In 1971, Abbie Hoffman published Steal This Book -- a veritable cookbook for illicit activities ranging from cheating AT&T to building pipe bombs. The book ended up on Best Seller lists. Was it criminal to publish that knowledge?

In all of these cases, and innumerable more that I could list, the answer is no.

Economically participating with a call-girl ring may be a crime. Actually using a blue box to commit toll fraud was clearly illegal. Detonating a pipe bomb could be a major offense.

But simply discussing these topics would virtually always appropriately fall under free speech protections, unless those discussions were part of an intent to make actual use of that knowledge in a criminal manner.

When we apply these concepts to Web links and search engine results, we move even further away from any possible automatic association with criminality, particularly in the latter case. Now we're normally not even talking about directly providing information that might be used in "illicit" ways, we're dealing with where information perhaps can be found.

With major search engines, their indices can include link references to billions of Web pages on every conceivable topic. It would be ludicrous in the extreme to suggest that search engine query results could somehow rise to the level of criminal intent and participation.

What's happening today is that various players, in government and assorted interest groups, are attempting to leverage Internet technology and the centrality of search engines such as Google, to try impose censorship regimes on the Web that they could not successfully impose in the "brick and mortar" world.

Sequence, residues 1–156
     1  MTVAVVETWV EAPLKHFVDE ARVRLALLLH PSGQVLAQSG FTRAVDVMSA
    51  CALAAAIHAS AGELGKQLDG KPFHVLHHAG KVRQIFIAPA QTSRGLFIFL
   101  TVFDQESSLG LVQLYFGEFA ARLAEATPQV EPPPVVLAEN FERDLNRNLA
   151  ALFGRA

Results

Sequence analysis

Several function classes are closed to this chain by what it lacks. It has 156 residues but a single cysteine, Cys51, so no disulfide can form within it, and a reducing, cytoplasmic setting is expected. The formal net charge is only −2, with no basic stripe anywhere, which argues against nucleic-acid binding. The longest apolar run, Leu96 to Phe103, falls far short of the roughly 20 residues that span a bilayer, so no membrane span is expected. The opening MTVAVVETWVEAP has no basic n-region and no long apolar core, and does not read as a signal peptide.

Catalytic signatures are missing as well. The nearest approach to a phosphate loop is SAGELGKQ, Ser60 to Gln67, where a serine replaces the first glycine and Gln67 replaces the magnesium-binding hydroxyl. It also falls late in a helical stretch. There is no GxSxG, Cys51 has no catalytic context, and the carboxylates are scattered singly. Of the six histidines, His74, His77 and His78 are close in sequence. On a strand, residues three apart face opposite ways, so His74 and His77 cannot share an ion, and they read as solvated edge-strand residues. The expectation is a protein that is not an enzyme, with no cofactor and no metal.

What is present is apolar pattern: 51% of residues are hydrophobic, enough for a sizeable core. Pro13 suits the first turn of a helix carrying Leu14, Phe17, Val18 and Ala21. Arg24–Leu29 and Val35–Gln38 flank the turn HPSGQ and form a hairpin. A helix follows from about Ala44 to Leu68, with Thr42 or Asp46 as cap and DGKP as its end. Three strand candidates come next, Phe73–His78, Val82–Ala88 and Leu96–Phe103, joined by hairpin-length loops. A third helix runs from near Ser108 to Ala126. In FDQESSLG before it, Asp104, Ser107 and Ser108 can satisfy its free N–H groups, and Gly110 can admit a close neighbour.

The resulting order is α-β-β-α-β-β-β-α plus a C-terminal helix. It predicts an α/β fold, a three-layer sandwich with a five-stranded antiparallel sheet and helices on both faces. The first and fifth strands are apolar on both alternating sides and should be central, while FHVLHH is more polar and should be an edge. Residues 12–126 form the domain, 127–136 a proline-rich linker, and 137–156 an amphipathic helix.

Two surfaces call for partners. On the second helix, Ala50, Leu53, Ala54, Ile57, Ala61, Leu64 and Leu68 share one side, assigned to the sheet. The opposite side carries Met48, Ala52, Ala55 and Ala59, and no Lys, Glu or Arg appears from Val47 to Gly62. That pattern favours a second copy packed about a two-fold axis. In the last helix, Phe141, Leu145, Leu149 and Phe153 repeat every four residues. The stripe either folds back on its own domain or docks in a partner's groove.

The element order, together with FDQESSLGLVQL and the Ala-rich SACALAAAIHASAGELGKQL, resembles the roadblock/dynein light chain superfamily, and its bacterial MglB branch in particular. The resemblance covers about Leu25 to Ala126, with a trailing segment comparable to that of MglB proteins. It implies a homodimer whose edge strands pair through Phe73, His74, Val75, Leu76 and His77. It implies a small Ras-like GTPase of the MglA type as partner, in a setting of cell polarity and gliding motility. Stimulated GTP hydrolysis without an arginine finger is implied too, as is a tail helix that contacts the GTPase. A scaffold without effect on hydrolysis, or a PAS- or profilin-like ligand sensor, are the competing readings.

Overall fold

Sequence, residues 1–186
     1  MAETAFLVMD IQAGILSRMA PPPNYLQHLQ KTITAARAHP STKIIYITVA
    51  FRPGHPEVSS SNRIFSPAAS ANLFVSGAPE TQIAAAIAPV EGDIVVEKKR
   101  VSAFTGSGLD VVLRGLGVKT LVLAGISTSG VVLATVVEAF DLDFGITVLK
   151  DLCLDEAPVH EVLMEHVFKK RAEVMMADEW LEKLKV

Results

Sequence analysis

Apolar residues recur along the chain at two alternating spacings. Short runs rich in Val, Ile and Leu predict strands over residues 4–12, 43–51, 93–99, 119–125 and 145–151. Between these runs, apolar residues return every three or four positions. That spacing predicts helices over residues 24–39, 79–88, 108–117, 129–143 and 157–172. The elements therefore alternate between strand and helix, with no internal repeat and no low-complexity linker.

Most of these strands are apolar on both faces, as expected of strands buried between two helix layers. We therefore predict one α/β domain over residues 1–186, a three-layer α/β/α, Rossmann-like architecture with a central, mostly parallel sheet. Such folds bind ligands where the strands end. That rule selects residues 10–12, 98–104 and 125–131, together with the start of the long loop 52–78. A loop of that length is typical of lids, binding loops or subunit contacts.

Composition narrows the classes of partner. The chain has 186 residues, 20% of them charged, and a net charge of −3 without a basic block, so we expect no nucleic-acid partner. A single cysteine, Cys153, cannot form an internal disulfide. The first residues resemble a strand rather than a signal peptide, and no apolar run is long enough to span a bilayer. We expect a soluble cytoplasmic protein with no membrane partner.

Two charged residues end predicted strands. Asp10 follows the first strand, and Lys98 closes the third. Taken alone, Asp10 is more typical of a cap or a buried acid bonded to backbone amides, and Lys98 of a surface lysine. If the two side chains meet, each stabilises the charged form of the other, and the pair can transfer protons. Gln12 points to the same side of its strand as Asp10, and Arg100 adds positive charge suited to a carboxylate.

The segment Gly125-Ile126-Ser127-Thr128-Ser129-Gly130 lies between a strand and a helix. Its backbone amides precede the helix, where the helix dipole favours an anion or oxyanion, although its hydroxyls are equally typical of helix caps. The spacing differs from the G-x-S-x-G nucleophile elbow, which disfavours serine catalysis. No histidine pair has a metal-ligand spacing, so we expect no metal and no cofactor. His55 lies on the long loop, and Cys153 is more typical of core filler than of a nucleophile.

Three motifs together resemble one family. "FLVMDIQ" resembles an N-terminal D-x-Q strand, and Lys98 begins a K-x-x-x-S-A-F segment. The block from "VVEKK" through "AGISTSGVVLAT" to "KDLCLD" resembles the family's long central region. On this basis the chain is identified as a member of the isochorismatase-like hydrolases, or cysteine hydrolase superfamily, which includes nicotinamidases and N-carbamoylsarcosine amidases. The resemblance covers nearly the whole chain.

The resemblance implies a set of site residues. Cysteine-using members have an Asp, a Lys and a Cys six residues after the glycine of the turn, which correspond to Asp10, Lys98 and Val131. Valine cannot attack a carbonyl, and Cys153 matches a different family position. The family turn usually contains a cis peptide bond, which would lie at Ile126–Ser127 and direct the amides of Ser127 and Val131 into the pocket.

It is doubly ironic that the most visible of these efforts now are attempting to use intellectual property economics as the means to impose massive government censorship, rather than, say, national security concerns -- though perhaps this particular prioritization could be explained by "following the money" of political campaign contributions back to their sources.

As I've mentioned before, depending on the courts to block such egregious censorship attempts may be a risky proposition at best. Ultimately, it's up to Internet users themselves -- around the world -- to fully understand what is at stake in this battle, and how much they each individually, and all of us collectively, have to lose. As both history and current events teach us, ultimately the people, not governments alone, really do have the final say.

There are forces who desperately wish to use government censorship of links and search engines to impose their own version of eliminating "undesirable" knowledge -- just as brutally as was done to poor Imhotep.

In our case, however, we still have time to fight back. If we really do care about free speech on the Internet, we will not permit it to be buried in the desert of totalitarianism like a struggling mummy, its witnesses mangled by the spears of those who would restrict knowledge for their own distorted ends.

We must not allow censorship to become the Internet's tomb.


Posted by Lauren at May 15, 2011 12:29 PM | Permalink